Stochastic growth models for analyzing crustacean data
Foo, Chuan Hui & Wang, You-Gan (2013) Stochastic growth models for analyzing crustacean data. In Piantadosi, J., Anderssen, R.S., & Boland, J. (Eds.) MODSIM2013, 20th International Congress on Modelling and Simulation, Modelling and Simulation Society of Australia and New Zealand, Adelaide, SA, pp. 566-572.
The contemporary methodology for growth models of organisms is based on continuous trajectories and thus it hinders us from modelling stepwise growth in crustacean populations. Growth models for fish are normally assumed to follow a continuous function, but a different type of model is needed for crustacean growth. Crustaceans must moult in order for them to grow. The growth of crustaceans is a discontinuous process due to the periodical shedding of the exoskeleton in moulting.
The stepwise growth of crustaceans through the moulting process makes the growth estimation more complex. Stochastic approaches can be used to model discontinuous growth or what are commonly known as "jumps" (Figure 1). However, in stochastic growth model we need to ensure that the stochastic growth model results in only positive jumps. In view of this, we will introduce a subordinator that is a special case of a Levy process.
A subordinator is a non-decreasing Levy process, that will assist in modelling crustacean growth for better understanding of the individual variability and stochasticity in moulting periods and increments. We develop the estimation methods for parameter estimation and illustrate them with the help of a dataset from laboratory experiments. The motivational dataset is from the ornate rock lobster, Panulirus ornatus, which can be found between Australia and Papua New Guinea.
Due to the presence of sex effects on the growth (Munday et al., 2004), we estimate the growth parameters separately for each sex. Since all hard parts are shed too often, the exact age determination of a lobster can be challenging. However, the growth parameters for the aforementioned moult processes from tank data being able to estimate through: (i) inter-moult periods, and (ii) moult increment.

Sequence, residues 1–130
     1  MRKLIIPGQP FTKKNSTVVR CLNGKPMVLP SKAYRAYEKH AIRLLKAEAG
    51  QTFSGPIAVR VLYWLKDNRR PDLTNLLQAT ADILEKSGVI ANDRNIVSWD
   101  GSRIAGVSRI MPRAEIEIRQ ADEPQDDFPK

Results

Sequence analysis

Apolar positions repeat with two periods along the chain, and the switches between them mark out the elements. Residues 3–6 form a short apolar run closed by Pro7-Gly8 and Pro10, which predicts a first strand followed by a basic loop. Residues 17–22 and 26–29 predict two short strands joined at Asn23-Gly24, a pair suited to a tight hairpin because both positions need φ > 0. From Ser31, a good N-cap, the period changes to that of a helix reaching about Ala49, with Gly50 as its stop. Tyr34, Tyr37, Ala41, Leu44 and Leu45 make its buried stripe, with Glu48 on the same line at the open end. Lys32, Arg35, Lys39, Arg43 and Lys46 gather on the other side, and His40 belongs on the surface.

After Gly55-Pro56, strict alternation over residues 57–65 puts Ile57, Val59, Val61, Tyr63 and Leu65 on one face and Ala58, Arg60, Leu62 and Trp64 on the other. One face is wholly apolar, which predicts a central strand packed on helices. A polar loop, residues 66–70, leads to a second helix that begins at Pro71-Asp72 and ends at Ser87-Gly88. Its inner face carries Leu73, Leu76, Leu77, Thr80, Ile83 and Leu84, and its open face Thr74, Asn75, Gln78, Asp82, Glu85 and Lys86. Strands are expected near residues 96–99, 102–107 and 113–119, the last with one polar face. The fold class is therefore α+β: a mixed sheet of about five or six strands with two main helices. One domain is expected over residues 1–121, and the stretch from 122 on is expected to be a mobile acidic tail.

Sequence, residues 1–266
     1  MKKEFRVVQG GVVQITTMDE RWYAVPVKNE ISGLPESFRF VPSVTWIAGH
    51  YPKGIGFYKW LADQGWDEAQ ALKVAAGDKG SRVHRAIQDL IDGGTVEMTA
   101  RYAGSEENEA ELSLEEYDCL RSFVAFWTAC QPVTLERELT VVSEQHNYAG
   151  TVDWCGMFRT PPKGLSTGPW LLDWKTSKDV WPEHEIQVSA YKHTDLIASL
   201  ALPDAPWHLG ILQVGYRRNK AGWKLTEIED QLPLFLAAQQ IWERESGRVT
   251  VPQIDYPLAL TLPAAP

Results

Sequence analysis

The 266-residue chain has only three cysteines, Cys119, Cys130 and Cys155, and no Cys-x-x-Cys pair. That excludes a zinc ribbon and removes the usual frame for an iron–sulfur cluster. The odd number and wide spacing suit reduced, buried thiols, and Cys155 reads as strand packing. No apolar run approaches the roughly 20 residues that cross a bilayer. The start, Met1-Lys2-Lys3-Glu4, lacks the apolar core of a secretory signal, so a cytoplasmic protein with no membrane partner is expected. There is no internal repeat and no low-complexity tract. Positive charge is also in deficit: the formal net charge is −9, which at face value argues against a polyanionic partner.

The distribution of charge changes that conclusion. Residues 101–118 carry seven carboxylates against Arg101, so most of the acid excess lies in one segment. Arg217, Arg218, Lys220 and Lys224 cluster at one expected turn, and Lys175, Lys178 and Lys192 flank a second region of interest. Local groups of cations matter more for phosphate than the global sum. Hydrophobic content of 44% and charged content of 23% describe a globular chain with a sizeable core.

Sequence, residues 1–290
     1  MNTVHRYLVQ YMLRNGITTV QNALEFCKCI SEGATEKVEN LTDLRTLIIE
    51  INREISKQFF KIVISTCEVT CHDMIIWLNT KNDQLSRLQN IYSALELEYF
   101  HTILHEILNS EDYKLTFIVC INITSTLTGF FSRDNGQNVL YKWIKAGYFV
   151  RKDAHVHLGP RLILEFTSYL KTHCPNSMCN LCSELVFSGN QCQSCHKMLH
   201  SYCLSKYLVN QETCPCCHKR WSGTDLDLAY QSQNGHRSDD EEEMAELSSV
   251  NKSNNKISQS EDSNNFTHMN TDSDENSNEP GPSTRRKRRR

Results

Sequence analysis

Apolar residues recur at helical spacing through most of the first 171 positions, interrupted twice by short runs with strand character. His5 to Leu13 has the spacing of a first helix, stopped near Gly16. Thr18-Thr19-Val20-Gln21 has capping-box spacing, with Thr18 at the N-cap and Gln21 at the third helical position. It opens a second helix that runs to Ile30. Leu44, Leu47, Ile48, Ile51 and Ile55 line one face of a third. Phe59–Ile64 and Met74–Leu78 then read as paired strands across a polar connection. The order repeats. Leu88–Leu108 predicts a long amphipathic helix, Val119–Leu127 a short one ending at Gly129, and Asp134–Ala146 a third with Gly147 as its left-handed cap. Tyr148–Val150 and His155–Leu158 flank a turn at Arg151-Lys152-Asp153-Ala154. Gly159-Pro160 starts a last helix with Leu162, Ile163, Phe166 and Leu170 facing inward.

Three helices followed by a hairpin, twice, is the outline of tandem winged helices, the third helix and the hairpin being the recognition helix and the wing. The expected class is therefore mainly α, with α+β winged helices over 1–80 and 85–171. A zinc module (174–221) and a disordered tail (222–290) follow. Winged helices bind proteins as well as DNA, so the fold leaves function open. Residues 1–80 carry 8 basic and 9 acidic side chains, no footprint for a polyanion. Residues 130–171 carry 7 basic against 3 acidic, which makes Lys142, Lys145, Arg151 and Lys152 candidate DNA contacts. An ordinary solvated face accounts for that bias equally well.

We will attempt to derive a joint density, which is made up of two functions: one for moult increments and the other for time intervals between moults. We claim these functions are conditionally independent given pre-moult length and the inter-moult periods. The variables moult increments and inter-moult periods are said to be independent because of the Markov property or conditional probability. Hence, the parameters in each function can be estimated separately. Subsequently, we integrate both of the functions through a Monte Carlo method. We can therefore obtain a population mean for crustacean growth (e. g. red curve in Figure 1). [GRAPHICS]
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|Item Type:||Conference Paper|
|Keywords:||Subordinator, discontinuous growth trajectories, moulting|
|Divisions:||Current > Schools > School of Mathematical Sciences
Current > QUT Faculties and Divisions > Science & Engineering Faculty
|Copyright Owner:||Copyright 2013 The Modelling and Simulation Society of Australia and New Zealand Inc.|
|Deposited On:||18 Nov 2015 00:48|
|Last Modified:||04 Dec 2015 04:59|
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